In response, participants representing people with disabilities and the rehabilitation, workforce
development, and employment communities worked with facilitators to share their ideas and
recommendations, then draft a final report, Virginia’s “Call to Action” Plan.

The Call to Action is built around one overarching goal, to “create a seamless integration of
people with disabilities into workforce, economic, and business development plans.” To do so, it
identifies four objectives: Ensuring “that people with disabilities are part of the talent pipeline
for existing and emerging occupations,” changing “community perceptions of people with
disabilities,” improving “the impact of services for youth and adults,” and leveraging “local and
state policies to increase employability and employment of people with disabilities.” The full
plan, including associated anticipated outcomes and strategies to achieve them, can be found at

In November 2009, the Call to Action was shared with outgoing Governor Kaine, and it has also
been provided to incoming Governor McDonnell. Achievement of its outcomes will rest with
his and future administrations. Its success and that of qualified employees with disabilities will
depend on the vigilance of advocates and the commitment of policymakers. VV

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Board Welcomes Recent Appointees
Prior to leaving office, previous Governor Kaine appointed two new members to fill recent
Board vacancies.

Katherine O. McCary of Chesterfield, the Board’s new representative for the banking and
financial community, will complete the term of departing member Darrell Hill and serve on the
Employment Committee. Ms. McCary is Vice President of Human Resources for SunTrust
Banks, Inc., and a member of the Virginia and U.S. Business Leadership Networks’ boards.

As a parent or guardian of a child with developmental disabilities, Dennis Findley of Fairfax will
complete the term of departing member Martha Toomey. Mr. Findley is a Senior Project
Architect at Bowie Gridley Architects and will join the Community Integration Committee.

At its December meeting, the Board also approved current member Cecily Rodriguez as a new
At-Large member of its Executive Committee, replacing Mr. Hill.

For additional information on current members of the Board, the constituencies that they
represent, and their appointment, visit VV

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Voices & Visions                          February 2010                               Page 8 of 17

Partners in Policymaking: Apply Now for the Class of 2011
Erin Hickey, Sponsored Programs Assistant

  Become a more knowledgeable and effective advocate for yourself, your child, and others!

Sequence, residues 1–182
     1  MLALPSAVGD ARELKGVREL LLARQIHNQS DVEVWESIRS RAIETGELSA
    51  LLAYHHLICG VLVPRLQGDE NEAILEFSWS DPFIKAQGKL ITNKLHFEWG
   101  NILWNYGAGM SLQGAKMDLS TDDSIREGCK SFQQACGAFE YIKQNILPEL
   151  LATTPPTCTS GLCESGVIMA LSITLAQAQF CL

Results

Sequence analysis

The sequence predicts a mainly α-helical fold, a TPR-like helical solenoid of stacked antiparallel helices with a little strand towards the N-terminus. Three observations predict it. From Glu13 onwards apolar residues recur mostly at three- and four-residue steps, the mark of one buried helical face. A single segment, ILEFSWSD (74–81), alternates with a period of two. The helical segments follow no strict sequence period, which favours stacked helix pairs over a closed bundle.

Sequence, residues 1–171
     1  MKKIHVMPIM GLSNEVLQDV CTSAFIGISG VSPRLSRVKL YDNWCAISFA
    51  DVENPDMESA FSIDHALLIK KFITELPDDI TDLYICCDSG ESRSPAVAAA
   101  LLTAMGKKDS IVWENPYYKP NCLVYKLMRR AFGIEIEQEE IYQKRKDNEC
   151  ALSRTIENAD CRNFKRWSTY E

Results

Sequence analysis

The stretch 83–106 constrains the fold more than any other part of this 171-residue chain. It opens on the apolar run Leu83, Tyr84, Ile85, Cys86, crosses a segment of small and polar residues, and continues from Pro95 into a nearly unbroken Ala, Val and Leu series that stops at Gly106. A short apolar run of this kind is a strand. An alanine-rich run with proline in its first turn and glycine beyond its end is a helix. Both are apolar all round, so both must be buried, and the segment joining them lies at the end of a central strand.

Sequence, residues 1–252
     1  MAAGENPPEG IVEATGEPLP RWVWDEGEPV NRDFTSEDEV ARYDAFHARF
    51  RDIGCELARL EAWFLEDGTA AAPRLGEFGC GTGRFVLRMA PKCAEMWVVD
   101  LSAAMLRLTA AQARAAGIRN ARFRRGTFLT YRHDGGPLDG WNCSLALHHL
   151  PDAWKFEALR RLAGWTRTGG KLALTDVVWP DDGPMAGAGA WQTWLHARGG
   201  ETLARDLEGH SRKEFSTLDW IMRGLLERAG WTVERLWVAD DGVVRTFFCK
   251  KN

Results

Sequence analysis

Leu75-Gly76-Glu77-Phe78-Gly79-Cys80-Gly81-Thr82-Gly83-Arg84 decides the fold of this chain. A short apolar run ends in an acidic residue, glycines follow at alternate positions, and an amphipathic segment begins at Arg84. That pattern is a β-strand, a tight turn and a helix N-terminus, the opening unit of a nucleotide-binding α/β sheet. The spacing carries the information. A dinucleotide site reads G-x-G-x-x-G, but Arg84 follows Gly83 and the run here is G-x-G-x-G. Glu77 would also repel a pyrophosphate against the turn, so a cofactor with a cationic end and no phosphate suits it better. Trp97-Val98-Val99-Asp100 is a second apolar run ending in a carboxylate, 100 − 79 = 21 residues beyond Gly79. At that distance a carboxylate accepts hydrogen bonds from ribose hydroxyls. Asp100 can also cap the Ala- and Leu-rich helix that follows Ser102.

Are you an adult with a developmental disability or the parent of a young child with disabilities?
Do you want to be a more knowledge and effective advocate for your own or your child’s rights?
Do you want to join a statewide corps of Virginians active in public discussions of policies and
practices affecting people with disabilities? If so, the Board must receive your application to
participate in the 2010-2011 session of Partners in Policymaking by no later than April 30, 2010.

Partners attend eight two-day sessions in Richmond between September and May led by state
and national experts who prepare them to use the power of advocacy to change the way that they,
their families, and others with disabilities are understood, supported, taught, live, work, and play
in their communities. Their training covers the history of the disability rights movement, self-
advocacy, independent living, supported employment, building inclusive communities, natural
supports, legislative advocacy, assistive technology, communications, and team building.

The Board pays all expenses for training, lodging, meals, and travel. It also works with
participating self-advocates to arrange personal care support services and with parents to arrange
respite care. Participants, in return, must agree to complete all homework and class assignments
as well as one major project that demonstrates their new competencies.

Partners are a diverse group of highly motivated individuals with a wide range of backgrounds
and abilities from all across Virginia. For more information, to download an application, or to
apply online, visit You can also e-mail or or call 1-800-846-4464
with questions or to request an application. VV

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Partner Updates
                  Partners, please let us know about your post-PIP activities.
             It’s quick and easy to do at

Joan Brunner (2002) is the new Coordinator for the Center for Self-Advocacy Leadership
(CSAL) at Virginia Commonwealth University’s Partnership for People with Disabilities. CSAL
is a training and resources network funded by the federal Administration on Developmental
Disabilities. Brunner says, “PIP program opened the doors of life to me. I was an angry parent
that did not know how to advocate correctly for my child or others. Once the door was unlocked
by PIP, I have continued to grow and give back to my community.”

Carl Brakman (1999) worked with the Virginia Coalition for Students with Disabilities to help
draft its public comments on the state’s special education regulations following national IDEA
Voices & Visions                          February 2010                                Page 9 of 17

reauthorization. At his local school, he has been involved in projects to develop guidelines for
determining autism services eligibility and to produce revised special education policies and
procedures with protections exceeding federal standards. He reports, “I try to help parents find
the applicable local procedure or state/federal regulation in the area they are having difficulty
with. Hopefully, it has helped enable equal participation in school meetings.”